"President Joseph told me he had difficulty with Emma yesterday. She rode up to the Woodworths with him and called while he came to the Temple. When he returned she was demanding the gold watch of Flora. He reproved her for her evil treatment, On their return home she abused him much and also when he got home. He had to use harsh measures to put a stop to her abuse but finally succeeded.."
My question: What were the harsh measures? Was Emma justified in her anger? Did Joseph stop visiting Flora after his wife's outrage?
The background: Joseph Married Flora Woodsworth earlier that year, in the Spring of 1843. She was 16. Joseph was 38.
According to William Clayton's Journal, Joseph went and visited Flora Woodsworth on May 2nd, June 1st, August 26th, August 28th, and August 29th. I find it notable that three of these occurred right after Emma expressed her outrage.
Can anyone really say this was proper? Does Christ condone this conduct? How is this not immoral? AMAZING
In the dynamics of addictive relationships where a sexual addiction is present (see the works of Patrick Carnes and Charlotte Davis Kasl) the codependent's control dynamics--and denial--are equally as powerful as the forces that drive the addict's desires.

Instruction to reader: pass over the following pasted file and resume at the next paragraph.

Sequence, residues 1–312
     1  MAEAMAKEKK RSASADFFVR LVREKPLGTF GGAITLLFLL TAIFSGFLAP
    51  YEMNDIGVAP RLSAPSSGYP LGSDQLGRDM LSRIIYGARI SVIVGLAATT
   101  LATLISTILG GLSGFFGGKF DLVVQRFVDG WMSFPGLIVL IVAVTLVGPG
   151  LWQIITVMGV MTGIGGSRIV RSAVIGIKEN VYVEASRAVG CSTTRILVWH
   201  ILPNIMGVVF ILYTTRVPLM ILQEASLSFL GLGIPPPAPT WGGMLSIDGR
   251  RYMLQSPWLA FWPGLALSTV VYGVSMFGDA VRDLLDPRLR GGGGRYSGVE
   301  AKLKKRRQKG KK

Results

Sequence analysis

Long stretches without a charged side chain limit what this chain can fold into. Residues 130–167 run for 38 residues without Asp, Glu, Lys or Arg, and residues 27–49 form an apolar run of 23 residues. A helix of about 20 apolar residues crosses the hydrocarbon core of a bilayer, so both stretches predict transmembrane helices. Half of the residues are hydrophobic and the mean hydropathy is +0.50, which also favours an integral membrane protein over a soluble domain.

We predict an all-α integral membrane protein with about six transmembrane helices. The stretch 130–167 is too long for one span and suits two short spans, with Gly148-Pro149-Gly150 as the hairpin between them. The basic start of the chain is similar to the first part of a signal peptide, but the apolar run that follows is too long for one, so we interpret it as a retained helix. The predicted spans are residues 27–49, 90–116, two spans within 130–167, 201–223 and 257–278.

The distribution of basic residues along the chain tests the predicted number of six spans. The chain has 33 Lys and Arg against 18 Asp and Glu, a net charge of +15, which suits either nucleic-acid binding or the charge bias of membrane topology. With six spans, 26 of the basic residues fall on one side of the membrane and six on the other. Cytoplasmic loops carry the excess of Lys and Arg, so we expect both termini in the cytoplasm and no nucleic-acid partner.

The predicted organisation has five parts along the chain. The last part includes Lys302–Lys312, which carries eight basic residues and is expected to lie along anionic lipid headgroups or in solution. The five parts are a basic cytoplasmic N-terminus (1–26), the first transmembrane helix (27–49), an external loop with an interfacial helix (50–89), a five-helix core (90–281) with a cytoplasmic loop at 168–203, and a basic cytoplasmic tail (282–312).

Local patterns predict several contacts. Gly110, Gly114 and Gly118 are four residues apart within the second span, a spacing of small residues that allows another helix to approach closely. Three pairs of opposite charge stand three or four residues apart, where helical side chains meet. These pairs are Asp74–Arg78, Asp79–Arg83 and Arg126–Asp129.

Both get their unconscious, shame-based needs met by acting out the dynamics with a separation-reunion pattern that is apparent upon close examination.
With the number of "plural marriages" Joseph was entering into during the period 1842-44, it's likely the mutual abuse escalated into physical violence...
If this gets a lot of play, watch the apologists insist that it was commonplace for men of the 19th Century to beat their wives...
This whole scenario makes the LDS fiction of Joseph and Emma's marriage as loving, wholesome partnership a laughable joke.
I have a question about the gold watch. It sounds like Joseph gave Flora a gold watch (probably not an inconsiderable gift back in those days,) and Emma was demanding it back. Does that sound about right?